I read a blog post about DevSkiller report analyzing some trends and I read the original report and I have some comments to make.
“Companies from Israel are the most selective”
According to the post, companies in Israel are considered the most selective since they consider only 12.26% of the developers they test. Another point of view is that Israeli companies give less weight to résumés and would rather test the applicant skills. This can increase the diversity and give a chance to more people. I think that it is a good practice for an industry that lacks more than 10,000 professionals (see here)
On a side comment, interpersonal skills such as team player, leadership, responsibility are ignored in this report and that’s a shame. They are sometimes more important when hiring someone.
“React, Spring, ASP.NET, MySQL, HTML, Data Analysis, and Laravel are the most popular technologies in their respective tech stacks”
CSS is a tech stack? Weird analysis from my point of view, maybe web development would have been a better title.
Is it a surprise that HTML and CSS are tested together? I find it hard to believe that an employer looks for an employee that is skilled only with one of those, they are tightly coupled.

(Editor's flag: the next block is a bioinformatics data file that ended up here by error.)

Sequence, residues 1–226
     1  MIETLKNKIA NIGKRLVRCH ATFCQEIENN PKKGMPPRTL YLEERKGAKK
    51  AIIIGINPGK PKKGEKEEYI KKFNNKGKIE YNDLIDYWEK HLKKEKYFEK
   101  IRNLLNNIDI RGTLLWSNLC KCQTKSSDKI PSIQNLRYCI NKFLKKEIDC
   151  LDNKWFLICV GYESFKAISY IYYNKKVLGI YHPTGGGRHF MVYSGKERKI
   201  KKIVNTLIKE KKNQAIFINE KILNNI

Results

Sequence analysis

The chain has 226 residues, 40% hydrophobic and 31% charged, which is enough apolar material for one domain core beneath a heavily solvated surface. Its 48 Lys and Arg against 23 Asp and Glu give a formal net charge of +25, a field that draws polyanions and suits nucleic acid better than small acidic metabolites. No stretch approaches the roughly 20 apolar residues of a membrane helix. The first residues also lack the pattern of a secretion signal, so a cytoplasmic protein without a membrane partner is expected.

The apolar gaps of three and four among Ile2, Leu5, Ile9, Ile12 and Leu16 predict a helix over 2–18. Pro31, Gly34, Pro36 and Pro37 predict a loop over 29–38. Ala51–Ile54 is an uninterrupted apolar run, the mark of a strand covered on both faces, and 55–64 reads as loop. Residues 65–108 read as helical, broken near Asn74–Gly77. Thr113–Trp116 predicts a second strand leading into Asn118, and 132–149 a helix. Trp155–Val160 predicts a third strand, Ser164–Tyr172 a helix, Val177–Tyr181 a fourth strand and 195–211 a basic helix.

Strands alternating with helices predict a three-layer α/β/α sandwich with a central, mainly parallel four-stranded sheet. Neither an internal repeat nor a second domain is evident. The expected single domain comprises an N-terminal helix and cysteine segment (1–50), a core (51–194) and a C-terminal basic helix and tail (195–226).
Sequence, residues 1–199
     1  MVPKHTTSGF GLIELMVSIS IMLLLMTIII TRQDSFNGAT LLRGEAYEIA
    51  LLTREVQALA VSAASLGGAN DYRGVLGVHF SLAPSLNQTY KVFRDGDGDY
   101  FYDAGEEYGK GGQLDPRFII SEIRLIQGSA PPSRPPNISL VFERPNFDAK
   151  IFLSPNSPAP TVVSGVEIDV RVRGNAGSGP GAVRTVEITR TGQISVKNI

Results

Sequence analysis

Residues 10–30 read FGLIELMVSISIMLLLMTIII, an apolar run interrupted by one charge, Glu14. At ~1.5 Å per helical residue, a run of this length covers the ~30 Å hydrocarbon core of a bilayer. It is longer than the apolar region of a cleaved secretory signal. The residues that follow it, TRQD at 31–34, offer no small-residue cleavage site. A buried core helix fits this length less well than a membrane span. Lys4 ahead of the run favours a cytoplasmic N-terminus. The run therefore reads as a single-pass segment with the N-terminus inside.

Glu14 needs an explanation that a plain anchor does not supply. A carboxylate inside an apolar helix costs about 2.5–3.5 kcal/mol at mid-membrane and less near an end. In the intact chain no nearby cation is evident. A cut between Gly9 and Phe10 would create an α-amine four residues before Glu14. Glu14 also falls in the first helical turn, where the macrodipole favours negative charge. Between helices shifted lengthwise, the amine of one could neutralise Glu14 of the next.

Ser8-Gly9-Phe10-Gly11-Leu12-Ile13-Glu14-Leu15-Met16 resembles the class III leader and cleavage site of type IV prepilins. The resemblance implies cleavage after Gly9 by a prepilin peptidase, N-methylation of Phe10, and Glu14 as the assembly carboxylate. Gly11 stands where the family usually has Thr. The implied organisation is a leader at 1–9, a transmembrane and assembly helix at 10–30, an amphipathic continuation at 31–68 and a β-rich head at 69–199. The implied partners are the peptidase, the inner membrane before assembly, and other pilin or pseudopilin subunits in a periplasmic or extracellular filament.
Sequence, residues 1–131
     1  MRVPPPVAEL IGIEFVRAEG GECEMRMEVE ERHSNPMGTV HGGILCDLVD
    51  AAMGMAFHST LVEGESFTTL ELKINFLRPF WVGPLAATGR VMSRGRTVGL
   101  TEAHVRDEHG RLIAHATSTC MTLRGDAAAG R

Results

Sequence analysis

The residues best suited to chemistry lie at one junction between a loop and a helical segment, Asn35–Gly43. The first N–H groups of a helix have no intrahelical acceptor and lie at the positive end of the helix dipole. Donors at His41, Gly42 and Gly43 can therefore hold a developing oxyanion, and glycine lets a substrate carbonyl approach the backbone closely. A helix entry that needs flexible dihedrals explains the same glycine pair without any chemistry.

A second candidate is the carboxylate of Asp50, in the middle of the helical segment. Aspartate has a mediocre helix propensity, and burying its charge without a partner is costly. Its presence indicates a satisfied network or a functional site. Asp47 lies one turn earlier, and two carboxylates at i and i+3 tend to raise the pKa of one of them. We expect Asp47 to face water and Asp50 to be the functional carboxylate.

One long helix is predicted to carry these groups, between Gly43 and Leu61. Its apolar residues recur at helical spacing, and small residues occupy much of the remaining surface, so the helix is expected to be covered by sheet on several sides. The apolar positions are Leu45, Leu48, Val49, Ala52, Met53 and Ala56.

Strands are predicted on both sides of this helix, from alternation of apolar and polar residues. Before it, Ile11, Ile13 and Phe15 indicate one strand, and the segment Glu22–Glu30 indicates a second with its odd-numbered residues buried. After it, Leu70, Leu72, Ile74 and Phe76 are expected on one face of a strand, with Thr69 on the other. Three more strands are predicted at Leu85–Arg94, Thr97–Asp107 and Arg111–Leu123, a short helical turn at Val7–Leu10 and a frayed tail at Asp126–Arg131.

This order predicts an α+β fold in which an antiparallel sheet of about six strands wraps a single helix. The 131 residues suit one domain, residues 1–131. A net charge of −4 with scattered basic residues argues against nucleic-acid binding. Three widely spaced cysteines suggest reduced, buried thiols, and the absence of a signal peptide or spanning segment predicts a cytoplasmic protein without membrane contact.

In this section in the post, I miss a mention of NoSQL technologies.
The completion rate of the test is impressive (93%).
There is a detailed analysis of the geography of the hiring companies and the candidates’ origins. I am also interested in demographics such as age, gender, marital status. I know that not everything is legal to have or ask. But I wonder if parents are more likely or less likely to complete the tests (or even start them). Are women as likely as men to pass the tests? Are there feminine and masculine technologies?
Data about years of experience and the correlation to technologies used and the probability passing the tests would also be interesting.